عنوان مقاله [English]
In the current research the effects of random polypropylene fibers and lime addition on swelling behavior and expansive pressures of kaolinite using odometer were investigated. Samples were prepared using optimum moisture contents and maximum dry densities determined by conducting standard Proctor compaction tests. Clay samples were mixed with 0.05, 0.1 and 0.2%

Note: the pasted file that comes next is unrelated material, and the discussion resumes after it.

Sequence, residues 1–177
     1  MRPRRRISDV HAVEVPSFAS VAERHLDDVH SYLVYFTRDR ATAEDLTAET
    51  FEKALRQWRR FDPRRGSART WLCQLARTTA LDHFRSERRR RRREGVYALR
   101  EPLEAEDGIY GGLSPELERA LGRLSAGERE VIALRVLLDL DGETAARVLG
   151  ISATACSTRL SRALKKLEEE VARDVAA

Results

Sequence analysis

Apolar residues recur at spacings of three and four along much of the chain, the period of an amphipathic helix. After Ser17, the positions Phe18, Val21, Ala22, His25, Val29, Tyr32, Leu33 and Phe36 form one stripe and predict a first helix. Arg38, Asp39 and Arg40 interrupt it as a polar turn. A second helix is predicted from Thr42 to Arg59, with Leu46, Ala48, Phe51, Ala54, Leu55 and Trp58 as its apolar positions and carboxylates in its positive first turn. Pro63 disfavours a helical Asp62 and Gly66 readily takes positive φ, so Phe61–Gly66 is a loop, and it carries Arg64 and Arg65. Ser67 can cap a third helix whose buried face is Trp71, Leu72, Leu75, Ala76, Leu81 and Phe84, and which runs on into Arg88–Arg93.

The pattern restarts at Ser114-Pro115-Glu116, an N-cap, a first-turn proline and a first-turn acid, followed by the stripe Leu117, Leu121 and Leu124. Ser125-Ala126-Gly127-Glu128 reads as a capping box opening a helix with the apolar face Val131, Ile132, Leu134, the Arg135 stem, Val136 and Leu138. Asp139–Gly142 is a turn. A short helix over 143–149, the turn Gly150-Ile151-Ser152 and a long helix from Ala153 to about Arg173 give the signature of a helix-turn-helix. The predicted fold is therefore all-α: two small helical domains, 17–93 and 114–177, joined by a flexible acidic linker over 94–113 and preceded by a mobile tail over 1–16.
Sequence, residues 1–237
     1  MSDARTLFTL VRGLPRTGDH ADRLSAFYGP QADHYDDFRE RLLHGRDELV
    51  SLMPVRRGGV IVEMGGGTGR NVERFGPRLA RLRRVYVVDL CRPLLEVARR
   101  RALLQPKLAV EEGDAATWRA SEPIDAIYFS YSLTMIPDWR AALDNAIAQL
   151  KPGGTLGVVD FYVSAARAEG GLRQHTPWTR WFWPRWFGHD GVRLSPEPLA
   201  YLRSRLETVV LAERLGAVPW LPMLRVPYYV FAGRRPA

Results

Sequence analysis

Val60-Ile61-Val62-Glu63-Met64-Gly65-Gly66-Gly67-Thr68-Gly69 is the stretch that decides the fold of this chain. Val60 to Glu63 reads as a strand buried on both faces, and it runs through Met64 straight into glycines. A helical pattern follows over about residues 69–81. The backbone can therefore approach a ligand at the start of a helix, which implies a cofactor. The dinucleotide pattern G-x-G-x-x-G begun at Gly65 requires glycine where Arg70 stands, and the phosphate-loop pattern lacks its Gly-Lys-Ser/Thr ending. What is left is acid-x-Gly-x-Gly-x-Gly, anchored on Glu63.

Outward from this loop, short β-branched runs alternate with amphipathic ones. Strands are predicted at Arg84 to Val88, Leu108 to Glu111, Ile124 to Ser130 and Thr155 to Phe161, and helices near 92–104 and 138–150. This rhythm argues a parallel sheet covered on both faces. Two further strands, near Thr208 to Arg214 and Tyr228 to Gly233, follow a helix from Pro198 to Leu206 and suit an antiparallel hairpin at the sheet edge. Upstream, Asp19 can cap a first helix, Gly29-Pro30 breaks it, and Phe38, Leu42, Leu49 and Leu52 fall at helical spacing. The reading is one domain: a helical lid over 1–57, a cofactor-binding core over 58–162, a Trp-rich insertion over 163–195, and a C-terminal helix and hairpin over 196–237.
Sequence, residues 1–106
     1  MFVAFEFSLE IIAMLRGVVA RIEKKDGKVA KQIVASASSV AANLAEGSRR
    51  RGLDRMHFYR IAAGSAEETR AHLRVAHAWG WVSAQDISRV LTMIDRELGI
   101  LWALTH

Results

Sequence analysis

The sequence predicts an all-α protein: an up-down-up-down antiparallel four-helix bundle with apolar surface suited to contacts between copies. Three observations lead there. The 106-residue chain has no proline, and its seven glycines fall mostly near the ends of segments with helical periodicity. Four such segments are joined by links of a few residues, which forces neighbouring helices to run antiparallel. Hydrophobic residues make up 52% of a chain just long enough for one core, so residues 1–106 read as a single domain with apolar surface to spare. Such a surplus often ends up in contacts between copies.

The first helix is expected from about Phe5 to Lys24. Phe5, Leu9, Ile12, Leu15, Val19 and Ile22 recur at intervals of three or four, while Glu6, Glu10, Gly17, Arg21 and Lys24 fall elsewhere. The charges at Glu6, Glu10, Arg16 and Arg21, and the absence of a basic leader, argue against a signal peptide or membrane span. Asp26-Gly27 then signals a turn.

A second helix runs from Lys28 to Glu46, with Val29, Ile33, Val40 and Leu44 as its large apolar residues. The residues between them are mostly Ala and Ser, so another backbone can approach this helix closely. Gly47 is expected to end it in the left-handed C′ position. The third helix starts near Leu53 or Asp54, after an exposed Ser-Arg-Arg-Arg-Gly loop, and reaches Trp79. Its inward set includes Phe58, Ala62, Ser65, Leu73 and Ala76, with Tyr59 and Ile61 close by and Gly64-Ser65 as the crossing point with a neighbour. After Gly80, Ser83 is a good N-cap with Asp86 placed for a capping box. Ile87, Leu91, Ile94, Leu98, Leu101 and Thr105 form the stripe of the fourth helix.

fibers and stabilized with 1, 3 and 5 % lime as dry weight of soil. After preparation and setting up samples in odometer, they were inundated with water or 10000-ppm sodium sulphate solution. Results showed that lime addition reduces maximum dry density and increases optimum moisture content of samples whereas fiber addition does not affect these characteristics significantly. Fiber and particularly lime addition substantially reduced swelling potentials and pressures. Optimum lime and fiber percentages determined in this research were 3 and 0.1%, respectively, and the lime showed a much more effective additive than polypropylene fibers in reducing swelling and the associated pressures. This indicates that chemical compounds formed because of lime _ clay reactions are more effective in reducing swelling potential than the physical interactions between polypropylene fibers and clay particles. Inundation of lime-stabilized kaolinite samples with sodium sulphate solution as compared to those samples saturated with water significantly increased swelling potential and pressure. Calcium silicate hydrate (CSH) and calcium aluminate hydrate (CAH) compounds formed as a result of dissolution of $SiO_2$ and $Al_2O_3$ from clay particle structure in the environment with a high pH of 12.3 binds clay particles together, reduces their affinity for water absorption and thus swelling. The presence of sodium sulphate results in the formation of ettringite with a substantial potential for water absorption in lime-stabilized kaolinite samples, thus promoting swelling. Ettringite forms in environments with high pH and active sulphates.